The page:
With specific superhero movies being praised for their quality storytelling and character-driven moments, it's becoming more challenging to make one just to entertain its audience and provide some escapism. As mentioned before, "Venom" has been negatively received by critics for its plot, but audiences adored it for its entertainment values, hence its commercial success at the box office. I was one of the people who enjoyed "Venom" despite its noticeable flaws. It's far from a perfect movie, but I was entertained by its scenarios regardless. "Morbius" appears to have run into that same situation, as it looked like something we usually see in the mid-2000s: a silly popcorn flick with superhero elements. If that is the film you desire after the grim and overly serious take on Batman, "Morbius" has a few moments that'll satisfy your thirst. Unfortunately, they may not be enough to fulfill your hunger completely.
The movie's plot is a by-the-numbers superhero origin story that has Morbius dealing with the consequences of his scientific quest to cure himself. Throughout the film, we see him attempting to control his vampiric nature and having to fight Milo, who's also suffering from the disease and is obsessed with being "normal". Unfortunately, there are very few surprises in this formulaic and obsolete take on Marvel's anti-hero. It's predictable to a fault, and the narrative is mediocre in its characters and scenarios. It's easy to admit that it's not in the same realm as the Marvel Cinematic Universe, and that is fine as long as it provides some enjoyment in its brainless CGI-filled storyline. However, "Morbius" shows that it's easier said than done. It had some promise in its themes and concept, but it was quickly sucked dry by its rushed character development and bland storytelling.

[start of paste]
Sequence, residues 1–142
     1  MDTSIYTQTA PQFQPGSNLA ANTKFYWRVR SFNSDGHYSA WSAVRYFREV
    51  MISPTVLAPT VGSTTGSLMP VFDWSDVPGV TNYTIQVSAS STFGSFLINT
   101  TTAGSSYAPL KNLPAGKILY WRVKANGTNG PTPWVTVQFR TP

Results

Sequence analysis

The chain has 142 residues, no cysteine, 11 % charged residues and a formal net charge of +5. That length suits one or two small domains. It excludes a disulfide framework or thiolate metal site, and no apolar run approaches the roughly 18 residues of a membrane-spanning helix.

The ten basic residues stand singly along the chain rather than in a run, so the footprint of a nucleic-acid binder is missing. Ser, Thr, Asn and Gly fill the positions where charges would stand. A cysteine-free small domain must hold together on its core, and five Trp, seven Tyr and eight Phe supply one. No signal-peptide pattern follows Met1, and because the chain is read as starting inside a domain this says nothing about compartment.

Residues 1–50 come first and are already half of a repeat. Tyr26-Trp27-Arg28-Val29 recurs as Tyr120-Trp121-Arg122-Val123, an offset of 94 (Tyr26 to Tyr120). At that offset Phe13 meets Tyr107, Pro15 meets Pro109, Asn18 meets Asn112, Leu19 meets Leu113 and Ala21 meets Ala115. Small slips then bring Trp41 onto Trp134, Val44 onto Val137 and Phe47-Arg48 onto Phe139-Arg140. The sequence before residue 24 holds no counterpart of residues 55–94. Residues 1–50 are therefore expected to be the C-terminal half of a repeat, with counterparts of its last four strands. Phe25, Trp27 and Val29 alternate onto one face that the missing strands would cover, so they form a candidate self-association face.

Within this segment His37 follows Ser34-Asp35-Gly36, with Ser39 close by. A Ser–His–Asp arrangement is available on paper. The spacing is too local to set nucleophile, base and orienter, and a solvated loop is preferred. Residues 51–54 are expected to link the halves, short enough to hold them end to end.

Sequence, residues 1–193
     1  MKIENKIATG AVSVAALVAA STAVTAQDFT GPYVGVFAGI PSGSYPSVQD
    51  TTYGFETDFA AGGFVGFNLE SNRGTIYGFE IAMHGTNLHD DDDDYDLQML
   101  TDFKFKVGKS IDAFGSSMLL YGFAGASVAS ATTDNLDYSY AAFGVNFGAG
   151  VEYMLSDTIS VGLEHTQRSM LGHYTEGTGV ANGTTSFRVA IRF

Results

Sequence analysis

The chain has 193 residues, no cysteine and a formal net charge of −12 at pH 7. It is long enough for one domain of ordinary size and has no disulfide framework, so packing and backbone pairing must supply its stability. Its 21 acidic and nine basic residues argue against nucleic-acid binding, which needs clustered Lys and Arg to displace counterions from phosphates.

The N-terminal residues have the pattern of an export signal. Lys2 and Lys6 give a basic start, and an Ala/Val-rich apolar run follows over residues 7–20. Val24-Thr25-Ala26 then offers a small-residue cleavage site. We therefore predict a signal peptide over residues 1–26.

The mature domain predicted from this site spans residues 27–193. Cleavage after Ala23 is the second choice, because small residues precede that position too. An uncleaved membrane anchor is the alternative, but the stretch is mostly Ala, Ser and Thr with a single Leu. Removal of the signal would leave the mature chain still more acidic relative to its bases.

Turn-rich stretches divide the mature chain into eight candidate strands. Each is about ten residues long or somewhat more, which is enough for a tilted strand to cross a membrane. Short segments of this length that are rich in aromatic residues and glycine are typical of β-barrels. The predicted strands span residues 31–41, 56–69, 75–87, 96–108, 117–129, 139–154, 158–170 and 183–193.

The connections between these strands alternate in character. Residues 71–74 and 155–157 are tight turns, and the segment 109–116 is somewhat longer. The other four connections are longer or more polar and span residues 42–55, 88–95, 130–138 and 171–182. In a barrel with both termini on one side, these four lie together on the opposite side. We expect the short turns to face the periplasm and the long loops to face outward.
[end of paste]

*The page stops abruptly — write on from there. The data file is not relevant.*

The main problem with "Morbius" is it's attempting to be its own thing while cashing in on the elements that worked in the "Venom" movies. The movie goes for a more horror-like approach in messing with scientific findings one can't understand while maintaining its superhero elements for young audiences. Seeing that Espinosa handled the genre before in his previous movie "Life", this doesn't surprise me that much. I thought Espinosa did a solid job delivering a tense and terrifying experience with that film, so I was intrigued in seeing if he could make Leto's vampiric form as scary as a man-eating organism. Plus, I got a kick out of the humorous moments from "Venom", mainly the scenes with Tom Hardy and the symbiote. Sadly, Espinosa's execution doesn't do this mixture justice, with the horror elements being mildly lackluster and the comedy feeling out of place and corny. Admittedly, I did laugh at a couple of moments, but only because of how dumb they were. From its weak dialogue to its poor editing, this balance is a disjointed mess that's more inconsistent and less fun than the first "Venom" film.